Turkey: a spectacular electoral success of the ruling camp
Turkey held presidential and parliamentary elections on 14 May. After counting 99% of the domestic ballot boxes and 84% from abroad, the Supreme Election Commission reported that in the presidential election Recep Tayyip Erdoğan received 49.4% of the vote, opposition candidate Kemal Kılıçdaroğlu 44.9%, and the anti-regime nationalist Sinan Oğan 5.2%. This means that there will have to be a run-off on 28 May, in which Erdoğan and Kılıçdaroğlu will face each other. Three political alliances crossed the threshold in the parliamentary elections: the ruling People’s Alliance (49.37%), the opposition National Alliance (35.12%) and the Kurdish left-leaning Labour & Freedom Alliance (10.53%). Turnout was at a record high, hovering around 88%. The election results have been accepted by all political groups in the country; no public protests were held in their aftermath.
- The results make it possible to say that the ruling camp has won a decisive victory. The People’s Alliance has retained its parliamentary majority (probably winning 321 seats out of 600, including 266 for Erdoğan’s AKP and 50 for their coalition partner the MHP). The result of the presidential election will clearly favour Erdoğan in the second round. The current president’s strong political mandate is evidenced by the very high turnout, the lack of blatant incidents of fraud and the transparent vote-counting process, which did not give the opposition any opportunities to openly challenge the results or organise street protests.
- The results of the election consolidate and strengthen the ruling camp centred around President Erdoğan. The governing coalition owes its victory to stabilising the economic crisis in the pre-election period (thanks among other things to an influx of capital from abroad, including Russia), extensive social transfers, a convincing presentation of its achievements during two decades of rule, and finally its promise to maintain domestic stability. The ruling camp’s firm control over the media and the state apparatus also had a significant influence on their high support. The MHP won a record-high 10%, which underscores the importance of the nationalist electorate in Turkish elections.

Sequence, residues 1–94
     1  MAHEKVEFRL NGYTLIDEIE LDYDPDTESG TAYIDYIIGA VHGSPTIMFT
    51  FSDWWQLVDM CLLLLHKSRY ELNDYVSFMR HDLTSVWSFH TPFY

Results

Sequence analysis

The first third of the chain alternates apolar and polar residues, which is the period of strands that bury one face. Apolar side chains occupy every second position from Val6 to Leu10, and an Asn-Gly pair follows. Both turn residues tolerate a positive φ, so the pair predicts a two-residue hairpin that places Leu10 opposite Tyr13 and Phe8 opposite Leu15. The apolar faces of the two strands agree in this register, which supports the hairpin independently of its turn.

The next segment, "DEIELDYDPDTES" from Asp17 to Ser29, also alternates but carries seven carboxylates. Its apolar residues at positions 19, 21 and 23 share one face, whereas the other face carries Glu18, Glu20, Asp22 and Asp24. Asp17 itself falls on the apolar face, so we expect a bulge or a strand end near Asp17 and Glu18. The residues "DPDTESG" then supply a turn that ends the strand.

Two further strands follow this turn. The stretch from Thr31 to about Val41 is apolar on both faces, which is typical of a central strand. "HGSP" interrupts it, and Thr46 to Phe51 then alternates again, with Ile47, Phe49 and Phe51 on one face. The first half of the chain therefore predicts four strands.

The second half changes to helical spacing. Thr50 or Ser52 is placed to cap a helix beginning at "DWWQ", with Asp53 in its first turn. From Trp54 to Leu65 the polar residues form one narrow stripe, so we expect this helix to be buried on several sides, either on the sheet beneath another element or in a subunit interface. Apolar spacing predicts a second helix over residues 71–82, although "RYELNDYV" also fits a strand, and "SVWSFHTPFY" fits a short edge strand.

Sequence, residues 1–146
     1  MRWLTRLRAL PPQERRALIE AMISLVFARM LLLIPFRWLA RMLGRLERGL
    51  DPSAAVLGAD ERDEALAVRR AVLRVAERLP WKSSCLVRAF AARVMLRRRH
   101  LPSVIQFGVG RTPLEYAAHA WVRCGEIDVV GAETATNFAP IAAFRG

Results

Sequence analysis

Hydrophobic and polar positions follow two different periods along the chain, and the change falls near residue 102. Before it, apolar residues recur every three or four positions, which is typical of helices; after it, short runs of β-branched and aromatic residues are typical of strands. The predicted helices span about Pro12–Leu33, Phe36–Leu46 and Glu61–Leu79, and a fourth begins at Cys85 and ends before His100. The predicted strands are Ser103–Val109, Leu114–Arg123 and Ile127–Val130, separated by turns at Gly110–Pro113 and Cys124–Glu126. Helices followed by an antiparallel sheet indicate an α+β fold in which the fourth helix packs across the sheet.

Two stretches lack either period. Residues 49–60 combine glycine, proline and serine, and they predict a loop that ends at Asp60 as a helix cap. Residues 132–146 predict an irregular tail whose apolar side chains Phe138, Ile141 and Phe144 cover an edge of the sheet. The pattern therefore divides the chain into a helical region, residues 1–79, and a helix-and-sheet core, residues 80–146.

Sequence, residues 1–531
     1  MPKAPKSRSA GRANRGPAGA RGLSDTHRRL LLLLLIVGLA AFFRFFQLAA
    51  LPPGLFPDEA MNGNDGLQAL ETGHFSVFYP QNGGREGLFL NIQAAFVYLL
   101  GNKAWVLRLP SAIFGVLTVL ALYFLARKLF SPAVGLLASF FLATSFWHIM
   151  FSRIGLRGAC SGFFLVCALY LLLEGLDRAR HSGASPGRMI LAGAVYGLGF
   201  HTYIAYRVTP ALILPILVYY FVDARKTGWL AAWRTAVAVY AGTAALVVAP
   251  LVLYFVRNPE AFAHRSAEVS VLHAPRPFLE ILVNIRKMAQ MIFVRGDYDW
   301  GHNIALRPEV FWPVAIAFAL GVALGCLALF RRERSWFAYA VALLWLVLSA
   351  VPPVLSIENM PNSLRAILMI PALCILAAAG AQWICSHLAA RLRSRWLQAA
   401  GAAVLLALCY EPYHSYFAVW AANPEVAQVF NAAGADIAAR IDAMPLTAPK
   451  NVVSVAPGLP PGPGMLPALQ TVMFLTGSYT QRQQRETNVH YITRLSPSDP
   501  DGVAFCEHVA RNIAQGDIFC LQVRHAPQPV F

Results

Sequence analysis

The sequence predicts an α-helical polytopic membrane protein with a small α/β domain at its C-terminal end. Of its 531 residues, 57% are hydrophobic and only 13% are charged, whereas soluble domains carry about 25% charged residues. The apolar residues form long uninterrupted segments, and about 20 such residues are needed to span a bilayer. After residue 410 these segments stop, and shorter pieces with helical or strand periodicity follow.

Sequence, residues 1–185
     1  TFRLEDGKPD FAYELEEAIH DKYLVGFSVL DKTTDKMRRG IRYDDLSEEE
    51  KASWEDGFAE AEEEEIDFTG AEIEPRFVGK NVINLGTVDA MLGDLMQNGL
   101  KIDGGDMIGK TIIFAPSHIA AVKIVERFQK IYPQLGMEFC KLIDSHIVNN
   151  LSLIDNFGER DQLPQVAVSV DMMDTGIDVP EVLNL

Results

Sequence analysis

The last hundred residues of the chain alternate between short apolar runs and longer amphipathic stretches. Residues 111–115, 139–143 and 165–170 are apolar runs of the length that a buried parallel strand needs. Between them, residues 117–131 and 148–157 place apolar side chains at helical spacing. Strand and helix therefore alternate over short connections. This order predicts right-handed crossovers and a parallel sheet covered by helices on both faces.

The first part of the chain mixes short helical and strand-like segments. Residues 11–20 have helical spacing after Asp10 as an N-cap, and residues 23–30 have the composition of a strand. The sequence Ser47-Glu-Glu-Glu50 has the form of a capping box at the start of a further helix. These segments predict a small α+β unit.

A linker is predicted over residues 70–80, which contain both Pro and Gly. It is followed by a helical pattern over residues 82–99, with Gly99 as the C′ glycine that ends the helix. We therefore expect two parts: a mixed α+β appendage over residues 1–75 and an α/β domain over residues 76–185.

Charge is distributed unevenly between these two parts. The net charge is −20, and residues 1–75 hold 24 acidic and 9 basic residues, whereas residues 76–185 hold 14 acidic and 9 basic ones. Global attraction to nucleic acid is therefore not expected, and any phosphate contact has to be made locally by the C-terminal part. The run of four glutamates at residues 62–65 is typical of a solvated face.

- The lower-than-expected support for Kılıçdaroğlu surprised the opposition. Indeed, pre-election polls indicated that he could even have hoped to win in the first round, which was the narrative the opposition pursued in its campaign. However, it failed to defeat the ruling camp, despite the public’s fatigue with two decades of AKP rule and the current economic crisis. The opposition, consisting of six parties, has found it very challenging to try and reconcile the far-reaching differences among themselves and present a programme that could appeal simultaneously to nationalist and liberal voters. The opposition’s poor results may lead to its fragmentation while demonstrating the ineffectiveness of its unifying message.
- Erdoğan is the clear favourite to win in the second round of the presidential election. In addition to the perks of incumbency, he will also benefit from a clear advantage in public support, the aura of success provided by the results of the 14 May elections, as well as the declared votes of about one-third of Oğan’s voters (a further third remain undecided). As a consequence of their defeat, the opposition has to confront the demotivation of their electorate along with their own internal tensions, which the ruling camp will undoubtedly serve to stoke and actively play on. This does not change the fact that the temperature of the political dispute in Turkey will remain high over the next two weeks; the use of nationalist themes (including anti-Kurdish and anti-Western motifs) can be expected to intensify as both sides seek to win over Oğan’s nationalist electorate.